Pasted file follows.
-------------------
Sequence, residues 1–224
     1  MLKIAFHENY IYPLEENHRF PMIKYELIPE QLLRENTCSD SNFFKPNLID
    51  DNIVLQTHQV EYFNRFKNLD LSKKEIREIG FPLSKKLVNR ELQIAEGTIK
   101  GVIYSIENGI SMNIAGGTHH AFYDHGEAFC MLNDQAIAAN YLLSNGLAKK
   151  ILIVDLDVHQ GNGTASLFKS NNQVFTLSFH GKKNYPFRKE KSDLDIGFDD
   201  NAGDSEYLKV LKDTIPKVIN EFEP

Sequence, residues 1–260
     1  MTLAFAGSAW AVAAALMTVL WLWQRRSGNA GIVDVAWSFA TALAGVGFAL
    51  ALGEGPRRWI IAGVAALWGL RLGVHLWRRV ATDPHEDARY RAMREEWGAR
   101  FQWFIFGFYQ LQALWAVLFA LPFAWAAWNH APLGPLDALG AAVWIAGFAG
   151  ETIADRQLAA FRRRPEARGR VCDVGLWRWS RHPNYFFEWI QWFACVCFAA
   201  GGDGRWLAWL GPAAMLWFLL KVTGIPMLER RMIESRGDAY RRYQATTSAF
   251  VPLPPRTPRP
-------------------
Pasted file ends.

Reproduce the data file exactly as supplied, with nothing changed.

Sequence, residues 1–224
     1  MLKIAFHENY IYPLEENHRF PMIKYELIPE QLLRENTCSD SNFFKPNLID
    51  DNIVLQTHQV EYFNRFKNLD LSKKEIREIG FPLSKKLVNR ELQIAEGTIK
   101  GVIYSIENGI SMNIAGGTHH AFYDHGEAFC MLNDQAIAAN YLLSNGLAKK
   151  ILIVDLDVHQ GNGTASLFKS NNQVFTLSFH GKKNYPFRKE KSDLDIGFDD
   201  NAGDSEYLKV LKDTIPKVIN EFEP

Sequence, residues 1–260
     1  MTLAFAGSAW AVAAALMTVL WLWQRRSGNA GIVDVAWSFA TALAGVGFAL
    51  ALGEGPRRWI IAGVAALWGL RLGVHLWRRV ATDPHEDARY RAMREEWGAR
   101  FQWFIFGFYQ LQALWAVLFA LPFAWAAWNH APLGPLDALG AAVWIAGFAG
   151  ETIADRQLAA FRRRPEARGR VCDVGLWRWS RHPNYFFEWI QWFACVCFAA
   201  GGDGRWLAWL GPAAMLWFLL KVTGIPMLER RMIESRGDAY RRYQATTSAF
   251  VPLPPRTPRP